Kahneman and Tversky’s (1979) Prospect Theory (.pdf), with its 9,206 citations, is the most cited article in Econometrica, the prestigious journal in which it appeared. In fact, it is more cited than any article published in any economics journal. 
To be clear, this figure shows that just in 2013, Prospect Theory got about 700 citations.
Kahneman won the Nobel prize in Economics in 2002. This figure suggests a Nobel bump in citations. To examine whether the Nobel bump is real, I got citation data for other papers. I will get to that in about 20 seconds. Let’s not abandon Prospect Theory just yet.
Below we see which researchers and which journals have cited Prospect Theory the most. Leading the way is the late Duncan Luce with his 38 cites.
If you are wondering, Kahneman would be ranked 14th with 24 cites, and Tversky 15th with 23. Richard Thaler comes in 33rd place with 16, and DanAriely in 58th with 12.
How about journals?
I think the most surprising top-5 is Management Science, it only recently started its Behavioral Economics and Judgment & Decision Making departments
Not drinking the cool-aid
The first article to cite Prospect Theory came out the same year, 1979, in Economics Letters (.pdf). It provided a rational explanation for risk attitudes differing for gains and losses. The story is perfect if one is willing to make ad-hoc assumptions about the irreversibility of decisions and if one is also willing to ignore the fact that Prospect Theory involves small stakes decisions. Old school.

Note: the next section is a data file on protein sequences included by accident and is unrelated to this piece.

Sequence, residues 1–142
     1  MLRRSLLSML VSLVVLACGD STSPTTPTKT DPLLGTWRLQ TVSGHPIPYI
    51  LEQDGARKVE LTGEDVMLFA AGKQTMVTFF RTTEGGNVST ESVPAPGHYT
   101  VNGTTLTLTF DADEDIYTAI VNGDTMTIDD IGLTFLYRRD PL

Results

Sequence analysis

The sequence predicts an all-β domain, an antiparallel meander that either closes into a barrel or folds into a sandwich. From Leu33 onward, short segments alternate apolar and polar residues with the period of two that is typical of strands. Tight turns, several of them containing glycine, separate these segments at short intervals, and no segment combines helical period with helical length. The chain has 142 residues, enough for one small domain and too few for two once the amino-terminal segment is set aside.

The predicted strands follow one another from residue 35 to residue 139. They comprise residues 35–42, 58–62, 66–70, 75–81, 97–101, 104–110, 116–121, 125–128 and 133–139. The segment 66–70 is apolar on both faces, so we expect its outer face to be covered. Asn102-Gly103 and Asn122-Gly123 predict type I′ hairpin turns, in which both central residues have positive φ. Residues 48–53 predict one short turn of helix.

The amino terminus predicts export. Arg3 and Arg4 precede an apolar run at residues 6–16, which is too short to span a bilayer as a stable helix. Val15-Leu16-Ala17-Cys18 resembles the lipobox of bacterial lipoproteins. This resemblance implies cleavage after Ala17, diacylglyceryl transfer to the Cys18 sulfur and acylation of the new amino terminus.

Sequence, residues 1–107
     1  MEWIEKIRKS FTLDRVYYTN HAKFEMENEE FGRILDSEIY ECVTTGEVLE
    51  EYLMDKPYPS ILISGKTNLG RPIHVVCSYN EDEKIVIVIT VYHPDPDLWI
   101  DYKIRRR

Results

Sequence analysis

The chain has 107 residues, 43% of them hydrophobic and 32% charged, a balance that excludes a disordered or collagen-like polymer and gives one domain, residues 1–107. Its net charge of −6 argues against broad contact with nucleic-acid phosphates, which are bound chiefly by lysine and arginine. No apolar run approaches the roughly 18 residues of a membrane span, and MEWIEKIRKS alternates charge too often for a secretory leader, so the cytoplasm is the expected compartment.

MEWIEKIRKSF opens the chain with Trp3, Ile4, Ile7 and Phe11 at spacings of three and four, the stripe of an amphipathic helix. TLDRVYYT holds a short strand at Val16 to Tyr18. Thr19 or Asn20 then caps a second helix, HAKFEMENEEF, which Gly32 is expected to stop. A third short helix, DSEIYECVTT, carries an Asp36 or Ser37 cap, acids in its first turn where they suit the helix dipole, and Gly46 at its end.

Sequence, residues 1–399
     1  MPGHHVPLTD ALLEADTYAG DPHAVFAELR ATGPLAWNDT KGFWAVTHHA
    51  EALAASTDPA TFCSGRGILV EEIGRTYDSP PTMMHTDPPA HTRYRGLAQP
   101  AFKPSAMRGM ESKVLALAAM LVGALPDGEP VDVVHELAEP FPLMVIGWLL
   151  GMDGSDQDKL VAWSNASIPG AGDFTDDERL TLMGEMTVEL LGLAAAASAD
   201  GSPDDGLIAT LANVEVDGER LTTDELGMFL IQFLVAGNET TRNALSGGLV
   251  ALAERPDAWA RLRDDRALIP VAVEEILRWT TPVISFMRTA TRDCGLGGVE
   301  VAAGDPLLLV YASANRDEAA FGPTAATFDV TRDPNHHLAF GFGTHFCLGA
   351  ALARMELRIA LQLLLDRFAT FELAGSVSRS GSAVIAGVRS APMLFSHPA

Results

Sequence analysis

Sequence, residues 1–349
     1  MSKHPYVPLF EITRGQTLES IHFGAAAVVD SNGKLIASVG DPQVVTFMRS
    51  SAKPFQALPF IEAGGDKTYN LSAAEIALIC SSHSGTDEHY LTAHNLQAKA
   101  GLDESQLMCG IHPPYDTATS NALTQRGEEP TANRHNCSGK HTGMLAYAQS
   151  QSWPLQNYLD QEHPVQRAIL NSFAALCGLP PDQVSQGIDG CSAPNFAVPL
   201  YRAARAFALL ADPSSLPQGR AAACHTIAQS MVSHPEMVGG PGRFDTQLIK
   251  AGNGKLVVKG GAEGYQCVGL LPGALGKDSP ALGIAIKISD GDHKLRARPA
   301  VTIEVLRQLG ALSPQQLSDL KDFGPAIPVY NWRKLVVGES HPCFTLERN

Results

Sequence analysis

Correction: an earlier version of this post indicated the Journal of Political Economy did not cite Prospect Theory until 2005, in fact it was cited already in 1987 (.html).
About that Nobel bump
The first figure in this blog suggests the Nobel lead to more Prospect Theory cites. I thought I would look at other 1979 Econometrica papers as a “placebo” comparison. It turned out that they also showed a marked and sustained increase in the early 2000s. Hm?
I then realized that Heckman’s famous “Sample Selection as Specification Error” paper was also published in Econometrica in 1979 (good year!) and Heckman, it turns out, got the Nobel in 2000, my placebo was no good. Whether the bump was real or spurious it was expected to show the same pattern.
So I used Econometrica 1980. The figure below shows that deflating Prospect Theory cites by cites of all articles published in Econometrica in 1980, the same Nobel bump pattern emerges. Before the Nobel, Prospect Theory was getting about 40% as many cites per year as all 1980 Econometrica articles combined. Since then that has been rising, in 2013 they were nearly tied.
Let’s take this out of sample, did other econ Nobel laureates get a bump in citations? I looked for laureates from different time periods and whose award I thought could be tied to a specific paper.
There seems to be something there, though the Coase cites started increasing a bit early and Akerlof’s a bit late.